Aim: Junior market continues to shrink as more companies leave than join

Just five companies joined the Alternative Investment Market during April, a statistic made all the more depressing by the fact that six companies left.

Those five new entrants managed to raise less than £20m between them, while secondary issues added a further £193m to Aim's capitalisation.

Total fund raising in the first four months of the year was therefore £984m – 51 per cent less than in the same period of 2011 (itself a tough period for the market).

Investors also appear to be losing interest in Aim – the average company traded just 2.9 per cent of its market capitalisation last month, statistics produced by broker Allenby Capital show, the lowest figure of the year. The London Stock Exchange may need to do more to promote its junior market.

Aim now has a third fewer companies than at its peak in 2007. What's more, many of its constituents are tiny – half have a market cap of less than £25m.

Small Exchanges: Plus is still minus some members

Icap's rescue swoop for Plus Markets does not appear to have ended the bid by the small exchange's rivals to cherry-pick its members.

Though it looks as if Plus' 160 companies will no longer be forced to look for a home, organisations such as GMG see the exchange's travails as too big an opportunity to ignore.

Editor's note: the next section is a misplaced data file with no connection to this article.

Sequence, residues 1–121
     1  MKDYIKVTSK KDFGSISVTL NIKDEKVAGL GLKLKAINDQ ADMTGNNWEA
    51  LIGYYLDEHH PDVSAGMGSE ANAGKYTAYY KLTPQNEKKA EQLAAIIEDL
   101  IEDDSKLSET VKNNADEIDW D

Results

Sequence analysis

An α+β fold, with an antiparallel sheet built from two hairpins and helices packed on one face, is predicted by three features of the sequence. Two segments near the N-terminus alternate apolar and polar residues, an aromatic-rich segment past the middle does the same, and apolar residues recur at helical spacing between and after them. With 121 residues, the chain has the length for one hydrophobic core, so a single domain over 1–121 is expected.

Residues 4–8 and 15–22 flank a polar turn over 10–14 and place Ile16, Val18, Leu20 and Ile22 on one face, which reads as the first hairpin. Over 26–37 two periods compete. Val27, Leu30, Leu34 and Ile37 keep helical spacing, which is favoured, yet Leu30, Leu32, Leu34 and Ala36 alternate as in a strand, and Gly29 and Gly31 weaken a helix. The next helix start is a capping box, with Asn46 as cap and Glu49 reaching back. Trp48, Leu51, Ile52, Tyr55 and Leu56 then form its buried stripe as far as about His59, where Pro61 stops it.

GMG has already picked up three listings – Hello Telecoms and US Oil & Gas, plus Proventus Renewables, which signed up on Friday – and has high hopes of signing more.

Larger Plus companies, such as Quercus, publisher of Girl with the Dragon Tattoo, pictured, are hinting at a possible move to the Alternative Investment Market or even to the main market.

At the other end of the scale, don't discount Sharemark, the platform owned by stockbroking firm Share. The brainchild of Share boss Gavin Oldham – who has forgotten more about private client broking than most people ever knew – it doesn't offer continuous trading.

Liquidity comes during regular auctions, and the platform's costs are accordingly lower.

Small Business Man of the Week: Making it all add up for those who can't figure out accounting

Quentin Pain, founder,

I left school at 16 with only a couple of 'O' Levels because no one told me what I needed these useless subjects for. Seven years later, I realised I was never going to get a job so I borrowed £500 from the bank, bought a motorbike and started a courier business.

That really took off and after doing the accounts myself for two or three years, I realised I'd effectively taught myself accountancy and invented a very useful piece of basic accounting software.

In 1985, I sold the courier business and concentrated on the software – it worked really well for 10 years until Acorn, which made the computers on which our software ran, was sold. It disappeared and I had no business left.

That made me realise it was a mistake to concentrate on a single platform – and after a few years off to write an accounting textbook and run seminars for small businesses on accounting, I launched Accountz. Our products run on any operating system and are designed to be used by people who have no experience of accounting or bookkeeping.